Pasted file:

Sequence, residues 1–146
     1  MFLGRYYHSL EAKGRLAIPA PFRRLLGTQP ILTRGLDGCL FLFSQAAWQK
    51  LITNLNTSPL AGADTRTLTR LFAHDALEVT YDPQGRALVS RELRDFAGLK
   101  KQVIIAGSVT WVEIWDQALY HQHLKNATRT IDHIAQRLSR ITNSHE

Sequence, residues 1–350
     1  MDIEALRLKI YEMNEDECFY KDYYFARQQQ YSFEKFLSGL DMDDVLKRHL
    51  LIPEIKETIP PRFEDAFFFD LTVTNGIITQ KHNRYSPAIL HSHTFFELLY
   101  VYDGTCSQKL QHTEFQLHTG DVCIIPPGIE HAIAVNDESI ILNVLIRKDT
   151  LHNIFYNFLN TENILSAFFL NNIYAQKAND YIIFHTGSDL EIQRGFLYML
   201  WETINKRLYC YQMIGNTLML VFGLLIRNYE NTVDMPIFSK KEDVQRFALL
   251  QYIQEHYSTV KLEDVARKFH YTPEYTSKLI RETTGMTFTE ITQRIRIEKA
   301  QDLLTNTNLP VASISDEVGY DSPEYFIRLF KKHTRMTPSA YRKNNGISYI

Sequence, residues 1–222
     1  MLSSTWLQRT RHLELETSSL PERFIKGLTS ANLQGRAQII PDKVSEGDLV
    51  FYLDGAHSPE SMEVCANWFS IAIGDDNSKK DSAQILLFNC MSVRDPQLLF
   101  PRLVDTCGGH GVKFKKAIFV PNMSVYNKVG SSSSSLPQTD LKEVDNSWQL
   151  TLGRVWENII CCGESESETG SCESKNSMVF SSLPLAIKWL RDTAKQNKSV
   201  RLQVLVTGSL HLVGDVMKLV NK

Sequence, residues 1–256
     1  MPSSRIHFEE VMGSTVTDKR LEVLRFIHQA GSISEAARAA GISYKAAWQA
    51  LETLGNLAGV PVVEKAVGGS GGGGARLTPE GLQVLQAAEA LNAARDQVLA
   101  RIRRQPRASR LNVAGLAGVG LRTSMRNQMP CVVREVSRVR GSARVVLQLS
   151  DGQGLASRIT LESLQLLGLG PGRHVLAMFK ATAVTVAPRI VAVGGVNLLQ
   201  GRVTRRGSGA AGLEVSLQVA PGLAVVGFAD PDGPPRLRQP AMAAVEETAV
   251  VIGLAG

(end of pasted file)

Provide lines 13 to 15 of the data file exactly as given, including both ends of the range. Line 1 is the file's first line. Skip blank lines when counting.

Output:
Sequence, residues 1–222
     1  MLSSTWLQRT RHLELETSSL PERFIKGLTS ANLQGRAQII PDKVSEGDLV
    51  FYLDGAHSPE SMEVCANWFS IAIGDDNSKK DSAQILLFNC MSVRDPQLLF